I thought I’d be sad and sentimental about the prospect of Sears’ demise. It’s not happening.
I’ve been trying and failing to bring to mind good memories. But the most interesting things about Sears, the groundbreaking catalog and the mail-order house kits and all that, were before my time.
In my time, Sears was dull as ditchwater. Maybe I’m just not enough of a shopper.
The company had its chance with me. Sears owned the only good-sized stores in almost every neighborhood I’ve lived in.
But all the kids I grew up with detested Sears, where our parents could easily find us the Most Boring Clothes on Earth. They might as well have called the stores Sears, Roebuck and Corduroy.
A Sears store was the first big store I went to on my own, when I was 8 or so.
Before that, I had occasionally bought candy at Chicago corner stores, and after we moved to Niles, I walked once a week to Sullivan’s bar on Milwaukee Avenue to pick up my mother’s carton of Parliaments. That was it for my shopping career.
Further up Milwaukee from Sullivan’s, a mile from our apartment, was the relatively new Golf Mill Shopping Center, where the big Sears store was.
I had been planning for months to make my first Sears purchase. The store had advertised that once a week, it would sell a different glue-together model of the monsters featured in Universal Pictures. This was a very big deal in my peer group, which considered them not souvenir models, but role models.
I marked on the calendar the day I would go to buy the “Gill-man” featured in the “Creature from the Black Lagoon” movies. I was fascinated by reptiles and amphibians, and here was a giant reptile that walked like a man, and ruthlessly murdered humans who interfered in his way of life. And for 99 cents!
The last day of the sale, I went to school, so juiced with anticipation that I could barely think. I finished my chores — kids did chores then — and took off walking to Sears, about an hour before closing time.
It was hot. Stinkin’ hot.
In those days, air-conditioning was still something of a luxury, so we were used to discomfort. It went along with the corduroy.
So if I remember all these years later how hot it was, it must have been like the surface of the sun out there.
And I do remember. I walked, dripping in sweat, into the air-conditioned store. I didn’t care how weird that felt. I was on a mission.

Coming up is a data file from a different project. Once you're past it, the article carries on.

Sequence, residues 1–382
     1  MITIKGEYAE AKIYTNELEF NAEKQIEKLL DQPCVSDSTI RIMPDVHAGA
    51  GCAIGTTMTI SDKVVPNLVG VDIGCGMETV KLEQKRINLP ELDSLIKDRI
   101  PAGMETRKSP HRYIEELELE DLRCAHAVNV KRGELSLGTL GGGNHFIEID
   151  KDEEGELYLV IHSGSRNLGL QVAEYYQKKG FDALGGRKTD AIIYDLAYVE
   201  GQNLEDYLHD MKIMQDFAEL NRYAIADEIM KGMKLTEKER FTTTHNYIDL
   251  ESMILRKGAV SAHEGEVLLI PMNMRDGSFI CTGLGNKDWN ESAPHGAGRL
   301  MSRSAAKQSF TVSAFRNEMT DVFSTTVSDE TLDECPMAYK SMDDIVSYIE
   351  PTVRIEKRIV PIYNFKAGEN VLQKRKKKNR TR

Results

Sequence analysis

A Gill-man stood on a counter, all glued together and attached to a metal stand. He was almost a foot tall. He was magnificent.
“I’d like to buy one of those,” I told the lady, as I dripped onto the carpet.
“Buy what?” she asked. “What do you want?” Her voice came down from far above my tiny self.
“The Creature,” I said, nodding toward the Gill-man, suddenly embarrassed that I wanted a toy, and not a tie or a fedora or something else that Real Men would shop for.
“What creature?” she demanded, though she was standing so close to the display that she had to be careful not to knock it over.
This went on for a while. You can imagine.
Finally, I handed her my soaking-wet dollar, and she said, “That will be a dollar-one.”
I was stunned. I had forgotten about the sales tax. But wasn’t sales tax a penny? Obviously not.
“Little boy. Don’t you know what sales tax is?” giant lady asked.
“I forgot. All I have is a dollar.” I was thinking to myself that someone so little and cash-poor should have immunity from sales taxes. The cashier, however, was a loyal agent of the state.
“You have to pay the tax. It’s the law.”
A sudden inspiration: “Could you hold one until tomorrow when I can bring another penny?” I asked.
“Yes. But tomorrow it will be $2.99.”
She smiled evilly. I got the distinct impression she wanted me to beg.
Kids didn’t ask strangers for money in those days. Instead, they walked home in the stinkin’ hot heat to be asked by their sisters why they hadn’t just waded in and fished a penny from the mill, the pond with a water wheel near the other side of the store. Golf Mill’s mill pond was usually well-stocked with coins thrown in by people who thought, inaccurately, that it was a wishing well.
I always left that pond alone, including the time, not long after the Gill-man fiasco, some of the older boys invited me to join in a plot to cleanse it of all its coins. Without me, they attacked it at speed, carrying shovels on bicycles, in a blitzkrieg of daylight burglary.
Unfortunately, they could not leave as fast as they arrived, and found themselves apprehended by security guards, a subspecies of law enforcement which they never noticed before.